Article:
What if, instead of turning up the thermostat, you could warm up with high-tech, flexible patches sewn into your clothes - while significantly reducing your...

Im Focus: Lethal combination: Drug cocktail turns off the juice to cancer cells

A widely used diabetes medication combined with an antihypertensive drug specifically inhibits tumor growth – this was discovered by researchers from the University of Basel’s Biozentrum two years ago. In a follow-up study, recently published in “Cell Reports”, the scientists report that this drug cocktail induces cancer cell death by switching off their energy supply.

The widely used anti-diabetes drug metformin not only reduces blood sugar but also has an anti-cancer effect. However, the metformin dose commonly used in the...

Im Focus: New Foldable Drone Flies through Narrow Holes in Rescue Missions

A research team from the University of Zurich has developed a new drone that can retract its propeller arms in flight and make itself small to fit through narrow gaps and holes. This is particularly useful when searching for victims of natural disasters.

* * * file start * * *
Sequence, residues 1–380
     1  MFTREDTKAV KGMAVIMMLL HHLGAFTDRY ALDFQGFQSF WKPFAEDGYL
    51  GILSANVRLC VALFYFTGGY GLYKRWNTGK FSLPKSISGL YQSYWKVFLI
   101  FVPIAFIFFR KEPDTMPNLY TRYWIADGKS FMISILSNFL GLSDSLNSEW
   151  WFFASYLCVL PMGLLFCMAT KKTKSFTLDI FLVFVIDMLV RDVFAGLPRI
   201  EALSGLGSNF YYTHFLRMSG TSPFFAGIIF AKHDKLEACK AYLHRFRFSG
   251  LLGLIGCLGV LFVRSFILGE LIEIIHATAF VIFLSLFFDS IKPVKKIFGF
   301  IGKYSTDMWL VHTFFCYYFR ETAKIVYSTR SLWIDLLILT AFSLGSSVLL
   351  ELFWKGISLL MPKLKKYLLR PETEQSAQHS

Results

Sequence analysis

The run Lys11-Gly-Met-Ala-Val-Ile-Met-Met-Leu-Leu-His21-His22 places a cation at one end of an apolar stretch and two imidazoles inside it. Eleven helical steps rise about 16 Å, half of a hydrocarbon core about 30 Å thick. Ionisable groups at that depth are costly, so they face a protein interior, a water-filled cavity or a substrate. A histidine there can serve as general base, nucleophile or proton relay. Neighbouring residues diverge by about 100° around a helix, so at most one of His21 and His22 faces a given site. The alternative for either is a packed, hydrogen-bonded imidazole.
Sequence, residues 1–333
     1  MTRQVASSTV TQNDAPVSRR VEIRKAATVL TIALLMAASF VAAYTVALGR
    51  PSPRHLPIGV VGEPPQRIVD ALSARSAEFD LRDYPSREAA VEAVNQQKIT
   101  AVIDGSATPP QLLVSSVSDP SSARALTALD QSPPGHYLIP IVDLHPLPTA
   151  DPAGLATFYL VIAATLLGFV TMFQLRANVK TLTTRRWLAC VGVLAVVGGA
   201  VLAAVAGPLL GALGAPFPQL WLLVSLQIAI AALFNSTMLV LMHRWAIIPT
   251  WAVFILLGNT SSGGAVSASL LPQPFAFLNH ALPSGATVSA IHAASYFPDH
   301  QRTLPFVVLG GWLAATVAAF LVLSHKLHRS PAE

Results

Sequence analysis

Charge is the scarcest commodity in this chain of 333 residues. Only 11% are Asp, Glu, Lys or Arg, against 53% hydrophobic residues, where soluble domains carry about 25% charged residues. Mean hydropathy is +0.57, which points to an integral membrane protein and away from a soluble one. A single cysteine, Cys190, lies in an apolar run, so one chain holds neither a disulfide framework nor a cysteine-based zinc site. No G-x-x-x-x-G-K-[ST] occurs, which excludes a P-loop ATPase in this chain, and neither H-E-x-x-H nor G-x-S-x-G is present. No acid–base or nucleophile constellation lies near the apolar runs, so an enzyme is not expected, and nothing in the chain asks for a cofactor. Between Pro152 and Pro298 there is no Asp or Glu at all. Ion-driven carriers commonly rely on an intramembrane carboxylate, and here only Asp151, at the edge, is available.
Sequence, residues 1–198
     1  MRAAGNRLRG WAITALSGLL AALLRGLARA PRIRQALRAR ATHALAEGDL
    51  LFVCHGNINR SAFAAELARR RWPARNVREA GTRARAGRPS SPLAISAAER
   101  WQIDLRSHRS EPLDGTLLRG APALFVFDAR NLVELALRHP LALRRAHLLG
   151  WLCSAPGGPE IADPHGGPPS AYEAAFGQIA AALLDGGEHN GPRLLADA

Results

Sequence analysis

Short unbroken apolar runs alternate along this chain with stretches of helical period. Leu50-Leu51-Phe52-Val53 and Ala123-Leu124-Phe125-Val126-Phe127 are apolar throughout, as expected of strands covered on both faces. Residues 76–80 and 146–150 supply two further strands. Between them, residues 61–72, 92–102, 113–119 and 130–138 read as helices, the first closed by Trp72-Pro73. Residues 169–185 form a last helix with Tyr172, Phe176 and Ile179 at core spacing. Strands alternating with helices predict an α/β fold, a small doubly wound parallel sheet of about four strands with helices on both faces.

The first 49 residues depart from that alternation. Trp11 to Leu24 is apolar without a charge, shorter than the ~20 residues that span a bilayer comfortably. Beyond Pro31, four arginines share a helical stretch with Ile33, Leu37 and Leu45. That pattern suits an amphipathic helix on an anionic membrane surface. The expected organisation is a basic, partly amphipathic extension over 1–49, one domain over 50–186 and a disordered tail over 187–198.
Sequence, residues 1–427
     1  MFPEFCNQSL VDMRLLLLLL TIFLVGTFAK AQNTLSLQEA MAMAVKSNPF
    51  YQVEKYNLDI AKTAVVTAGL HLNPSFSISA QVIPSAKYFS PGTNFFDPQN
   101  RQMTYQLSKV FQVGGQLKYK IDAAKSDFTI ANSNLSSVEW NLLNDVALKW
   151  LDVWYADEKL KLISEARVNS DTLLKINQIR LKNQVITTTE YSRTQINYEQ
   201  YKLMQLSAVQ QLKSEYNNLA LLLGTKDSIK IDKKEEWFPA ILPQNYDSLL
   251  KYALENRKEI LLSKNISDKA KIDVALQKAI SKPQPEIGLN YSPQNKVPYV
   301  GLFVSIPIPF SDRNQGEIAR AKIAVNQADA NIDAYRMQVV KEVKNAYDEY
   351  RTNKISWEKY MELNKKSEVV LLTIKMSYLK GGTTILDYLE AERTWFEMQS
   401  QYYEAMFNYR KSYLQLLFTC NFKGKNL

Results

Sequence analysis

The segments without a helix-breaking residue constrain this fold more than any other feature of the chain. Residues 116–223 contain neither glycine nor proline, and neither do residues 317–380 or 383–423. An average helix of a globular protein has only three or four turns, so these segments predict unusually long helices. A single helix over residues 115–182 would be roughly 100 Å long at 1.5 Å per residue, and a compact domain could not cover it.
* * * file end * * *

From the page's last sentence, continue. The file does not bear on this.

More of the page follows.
Inspecting a damaged building after an earthquake or during a fire is exactly the kind of job that human rescuers would like drones to do for them. A flying...

Im Focus: Topological material switched off and on for the first time

Key advance for future topological transistors

Over the last decade, there has been much excitement about the discovery, recognised by the Nobel Prize in Physics only two years ago, that there are two types...

Im Focus: Researchers develop method to transfer entire 2D circuits to any smooth surface

What if a sensor sensing a thing could be part of the thing itself? Rice University engineers believe they have a two-dimensional solution to do just that.

Rice engineers led by materials scientists Pulickel Ajayan and Jun Lou have developed a method to make atom-flat sensors that seamlessly integrate with devices...

All Focus news of the innovation-report >>>

Anzeige

Anzeige

VideoLinks
Industry & Economy
Event News

ICTM Conference 2019: Digitization emerges as an engineering trend for turbomachinery construction

12.12.2018 | Event News

New Plastics Economy Investor Forum - Meeting Point for Innovations

10.12.2018 | Event News

EGU 2019 meeting: Media registration now open

06.12.2018 | Event News

 
Latest News

Success at leading conference on silicon materials science and technology in Japan

13.12.2018 | Awards Funding

NSF-supported scientists present new research results on Earth's critical zone

13.12.2018 | Earth Sciences

Barely scratching the surface: A new way to make robust membranes

13.12.2018 | Materials Sciences

VideoLinks
Science & Research
Overview of more VideoLinks >>>